Monthly Archives: January 2014

Health & Safety Law Poster

Employers have a legal duty under the Health and Safety Information for Employees Regulations to display the approved poster in a prominent position in each workplace or to provide each worker with a copy of the approved leaflet that outlines British health and safety law.

The HSE published a new simplified version of the Health and Safety Law Poster in April 2009 and all businesses must update to the new 2009 version by the latest 5th April 2014.

Go to www.walkersafety.co.uk and click on the safety sign banner to the left of the screen.

Order your poster and any other equipment you require today with UK Safety Store.

Contact us if you require advice.

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Noise in the workplace

The Control of Noise at Work Regulations 2005 require you to prevent or reduce risks to health and safety from exposure to noise at work.

Regulations require the employer to:

  • Assess the risks to employees from noise at work
  • Take action to reduce the noise exposure that produces those risks
  • Provide employees with hearing protection if the noise cannot be reduced
  • Make sure the legal limits on noise exposure are not exceeded
  • Provide employees with information, instruction and training
  • Carry out health surveillance where there is a risk to health.

How to protect workers

Firstly, find out if there is a noise problem.

  • Is the noise intrusive for most of the working day?
  • Do employees have to raise their voices to carry out a normal conversation when about 2m apart for at least part of the day?
  • Do employees use noisy power tools or machinery for more than half an hour each day?

Then, assess and control the risks:

  • Measure the noise levels
  • Put in a programme of noise reduction if needed
  • Maintain plant and machinery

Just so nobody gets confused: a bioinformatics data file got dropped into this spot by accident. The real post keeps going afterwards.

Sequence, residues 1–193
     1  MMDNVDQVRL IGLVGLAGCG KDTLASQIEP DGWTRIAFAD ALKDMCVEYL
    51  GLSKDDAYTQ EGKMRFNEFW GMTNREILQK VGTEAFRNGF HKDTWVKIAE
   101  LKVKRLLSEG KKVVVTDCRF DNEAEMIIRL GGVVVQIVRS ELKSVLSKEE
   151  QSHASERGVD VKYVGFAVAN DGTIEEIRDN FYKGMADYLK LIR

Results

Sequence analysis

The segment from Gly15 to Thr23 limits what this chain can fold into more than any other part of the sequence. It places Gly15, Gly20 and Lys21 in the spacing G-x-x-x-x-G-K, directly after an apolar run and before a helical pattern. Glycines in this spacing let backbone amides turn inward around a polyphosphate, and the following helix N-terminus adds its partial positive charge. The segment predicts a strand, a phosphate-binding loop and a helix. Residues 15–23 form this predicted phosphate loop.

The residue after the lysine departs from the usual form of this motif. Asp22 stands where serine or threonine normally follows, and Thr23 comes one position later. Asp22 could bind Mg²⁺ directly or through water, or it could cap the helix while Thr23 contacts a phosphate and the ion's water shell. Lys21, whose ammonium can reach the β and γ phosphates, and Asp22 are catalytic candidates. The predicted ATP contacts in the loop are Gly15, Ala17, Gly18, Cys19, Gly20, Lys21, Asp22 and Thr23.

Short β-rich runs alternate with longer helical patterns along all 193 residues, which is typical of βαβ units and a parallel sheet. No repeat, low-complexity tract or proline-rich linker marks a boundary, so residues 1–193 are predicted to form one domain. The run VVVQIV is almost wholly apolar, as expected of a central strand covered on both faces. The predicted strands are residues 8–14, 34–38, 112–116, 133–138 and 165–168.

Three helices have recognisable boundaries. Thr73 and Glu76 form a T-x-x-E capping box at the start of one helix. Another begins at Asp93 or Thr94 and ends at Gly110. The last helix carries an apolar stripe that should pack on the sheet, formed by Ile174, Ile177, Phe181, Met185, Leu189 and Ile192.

• Look for quieter processes.

Provide information, instruction and training. Tell workers:

  • The likely noise exposure
  • What  is happening to control risks and exposures
  • Where and how people can obtain hearing protection
  • How to report defects in hearing protection and noise-control equipment
  • What their duties are under the Noise Regulations 2005
  • What they should do to minimise the risk, such as the proper way to use hearing protection.

Implement health surveillance:

  • Provide regular hearing checks in controlled conditions
  • Tell employees about the results of their hearing checks
  • Keep health records
  • Ensure employees are examined by a doctor where hearing damage is identified.

Ignoring a noise problem in the workplace can cause misery to employees who may suffer deafness and tinnitus. This can be prevented and at the same time, save money and court appearances by assessing noise now.

Don’t wait for a claim.

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Cameron’s red tape crusade: self-employed ‘exempt’ from health and safety law

This report is taken from the SHP Website.

One million self-employed people will be completely exempt from health and safety law when the Deregulation Bill comes into force, David Cameron announced this morning.